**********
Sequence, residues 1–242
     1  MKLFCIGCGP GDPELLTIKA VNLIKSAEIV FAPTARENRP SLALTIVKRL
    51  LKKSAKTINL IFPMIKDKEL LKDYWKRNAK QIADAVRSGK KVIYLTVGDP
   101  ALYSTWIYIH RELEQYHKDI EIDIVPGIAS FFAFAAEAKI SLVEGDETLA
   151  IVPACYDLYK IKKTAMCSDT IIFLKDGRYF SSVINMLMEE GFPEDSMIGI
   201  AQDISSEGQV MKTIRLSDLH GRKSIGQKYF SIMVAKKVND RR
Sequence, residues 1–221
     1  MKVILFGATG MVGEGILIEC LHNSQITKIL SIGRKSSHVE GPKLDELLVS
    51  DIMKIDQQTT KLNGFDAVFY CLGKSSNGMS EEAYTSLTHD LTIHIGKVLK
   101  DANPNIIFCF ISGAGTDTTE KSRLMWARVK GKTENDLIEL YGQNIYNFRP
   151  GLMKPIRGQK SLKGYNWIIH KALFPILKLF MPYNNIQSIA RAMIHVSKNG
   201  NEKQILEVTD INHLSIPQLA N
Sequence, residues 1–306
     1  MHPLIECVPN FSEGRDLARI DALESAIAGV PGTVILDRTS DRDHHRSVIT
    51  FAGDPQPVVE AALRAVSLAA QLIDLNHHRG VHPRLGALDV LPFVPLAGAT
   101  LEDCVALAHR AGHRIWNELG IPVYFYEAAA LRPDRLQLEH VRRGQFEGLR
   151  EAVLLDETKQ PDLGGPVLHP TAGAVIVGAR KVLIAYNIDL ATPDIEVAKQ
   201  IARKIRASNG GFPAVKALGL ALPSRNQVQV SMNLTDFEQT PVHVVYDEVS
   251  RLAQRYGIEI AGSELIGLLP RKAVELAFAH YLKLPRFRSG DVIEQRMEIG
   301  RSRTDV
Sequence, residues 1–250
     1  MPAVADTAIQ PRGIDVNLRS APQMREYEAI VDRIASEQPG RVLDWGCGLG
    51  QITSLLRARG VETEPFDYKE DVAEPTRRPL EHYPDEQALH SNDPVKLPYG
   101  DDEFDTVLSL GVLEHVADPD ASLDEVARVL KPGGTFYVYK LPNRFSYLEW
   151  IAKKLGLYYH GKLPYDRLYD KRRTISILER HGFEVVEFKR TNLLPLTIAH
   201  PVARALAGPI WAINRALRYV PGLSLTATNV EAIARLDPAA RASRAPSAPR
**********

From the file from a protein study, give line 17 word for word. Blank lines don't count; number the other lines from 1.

   151  EAVLLDETKQ PDLGGPVLHP TAGAVIVGAR KVLIAYNIDL ATPDIEVAKQ